Biden addresses nation, stops short of claiming victory

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Philadelphia, Pennsylvania, Nov 4 (efe-epa).- Democratic presidential nominee Joe Biden on Wednesday afternoon said that he believes he will win the election during a speech at the Chase Center in Wilmington, Delaware.

“I’m not here to declare that we’ve won, but I am here to report that when the count is finished, we believe we will be the winners,” said Biden, who at this hour holds a 264-214 lead over President Donald Trump in the prospective electoral vote count, according to projections by the major US media outlets.

Although Trump had said early Wednesday morning that vote counting should be halted, particularly in certain states he needs to ensure his reelection, Biden responded by saying in his brief speech: “No one’s going to take our democracy away from us. Not now, not ever,” adding that “every vote must be counted.”

“Here, the people rule,” he said. “Power can’t be taken or asserted. It flows from the people. And it’s their will that determines who will be the president of the United States, and their will alone.”

“My friends, I’m confident we’ll emerge victorious,” Biden said. “But this will not be my victory alone or our victory alone. It will be a victory for the American people, for our democracy, for America. And there will be no blue states and red states when we win – just the United States of America.”

Within the past hour, media outlets CBS, CNN and NBC projected that Biden would win the key state of Michigan, thus expanding his margin of victory over Trump.

With the 16 votes in the Electoral College that Michigan provides, Biden now stands at a projected 264 votes in that key institution – where 270 votes are required to win the presidency – to Trump’s 214.

At this stage of the vote count, with several states not yet having reported their vote totals and the main media outlets holding off on projecting the winner in the presidential race in those states, Biden’s electoral vote total looks like this: Arizona (11), California (55), Colorado (9), Connecticut (7), Delaware (3), District of Columbia (3), Hawaii (4), Illinois (20), Maine-state (2), Maine-District 1 (1) Maryland (10), Massachusetts (11), Michigan (16), Minnesota (10), Nebraska-District 2 (1), New Jersey (14), New York (29), New Hampshire (4), New Mexico (5), Oregon (7), Rhode Island (4), Vermont (3), Virginia (13), Washington (12) and Wisconsin (10).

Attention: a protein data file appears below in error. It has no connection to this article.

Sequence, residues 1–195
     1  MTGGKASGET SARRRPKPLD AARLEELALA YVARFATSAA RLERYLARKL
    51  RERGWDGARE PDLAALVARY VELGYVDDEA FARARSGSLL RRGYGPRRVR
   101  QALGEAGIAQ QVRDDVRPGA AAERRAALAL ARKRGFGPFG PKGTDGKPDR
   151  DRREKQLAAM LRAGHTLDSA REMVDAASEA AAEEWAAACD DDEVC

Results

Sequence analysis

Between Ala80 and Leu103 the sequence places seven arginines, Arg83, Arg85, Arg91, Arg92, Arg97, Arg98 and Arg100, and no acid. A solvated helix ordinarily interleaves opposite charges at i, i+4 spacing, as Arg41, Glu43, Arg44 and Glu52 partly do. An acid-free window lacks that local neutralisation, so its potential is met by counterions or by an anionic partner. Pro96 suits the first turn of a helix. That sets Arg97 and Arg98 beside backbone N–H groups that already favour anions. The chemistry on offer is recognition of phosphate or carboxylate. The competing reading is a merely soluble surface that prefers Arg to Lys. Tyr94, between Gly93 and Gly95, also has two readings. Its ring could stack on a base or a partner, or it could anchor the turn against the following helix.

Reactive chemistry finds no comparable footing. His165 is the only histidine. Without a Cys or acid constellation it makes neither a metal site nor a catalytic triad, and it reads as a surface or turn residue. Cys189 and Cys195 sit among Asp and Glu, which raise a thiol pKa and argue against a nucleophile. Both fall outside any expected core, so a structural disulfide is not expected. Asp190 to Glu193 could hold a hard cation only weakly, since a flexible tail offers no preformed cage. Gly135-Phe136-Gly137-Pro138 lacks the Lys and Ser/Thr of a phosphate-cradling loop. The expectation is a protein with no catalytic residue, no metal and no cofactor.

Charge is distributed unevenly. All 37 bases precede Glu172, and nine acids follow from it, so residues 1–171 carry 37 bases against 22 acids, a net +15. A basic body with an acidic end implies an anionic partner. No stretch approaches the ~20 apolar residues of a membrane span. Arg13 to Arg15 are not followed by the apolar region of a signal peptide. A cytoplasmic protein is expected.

Projections indicate that Trump, on the other hand, has won the following states: Alabama (9), Arkansas (6), South Carolina (9), North Dakota (3), South Dakota (3), Florida (29), Kansas (6), Kentucky (8), Idaho (4), Indiana (11), Iowa (6) Louisiana (8), Maine-District 2 (1), Mississippi (6), Missouri (10), Montana (3), Nebraska-state (2), Nebraska-District 1 (1), Nebraska-District 3 (1), Ohio (18), Oklahoma (7), Tennessee (11), Texas (38), Utah (6), West Virginia (5) and Wyoming (3).

The states of Pennsylvania, Nevada, North Carolina, Alaska and Georgia have not yet been called by the networks.

Meanwhile, Trump’s reelection campaign on Wednesday filed a lawsuit in a Michigan court demanding that the vote count in that state be halted, claiming that sufficient access to the polls had not been provided to voters.

The announcement of the lawsuit was made by Trump campaign director Bill Stepien in a statement shortly after announcing that his team will also demand a recount in Wisconsin.

“Joe Biden is on track to win this election and he will be the next president of the United States,” the former vice president’s campaign chair, Jen O’Malley Dillon, told reporters earlier on Wednesday after an anxiety-filled election night that ended – as many expert observers had expected – with no clear winner.

“We believe we are on a clear path to victory by this afternoon. We expect that the vice president will have leads in states that put him over 270 electoral votes,” O’Malley Dillon said.

“Let’s be extremely clear about something: If Donald Trump got his wish and we stopped counting ballots right now, Vice President Joe Biden would be the next president of the United States,” she added, referring to Trump’s earlier claim that he had won the election and wanted “all voting to stop.”

No voting is actually ongoing at this time, with all the polls having closed last night, but millions of mail-in ballots are still en route to election offices around the nation and have yet to be counted and many ballots cast in person or by mail on or before Nov. 3 have not yet been tabulated either.

O’Malley Dillon said that the campaign believes Biden has won the state of Wisconsin, but the Trump campaign announced Wednesday that it will request a recount in that state, which has a provision for an automatic recount when a candidate’s margin of victory is below a certain level.

In addition, the Biden campaign is expecting Michigan to declare on Wednesday that Biden has won that state, but the country will have to wait another day to learn the definitive results in Pennsylvania and Nevada, in the latter of which local authorities decided not to make public the results until 9 am Thursday.

The campaign chief said in her remarks that Biden would address the nation “later” on Wednesday.

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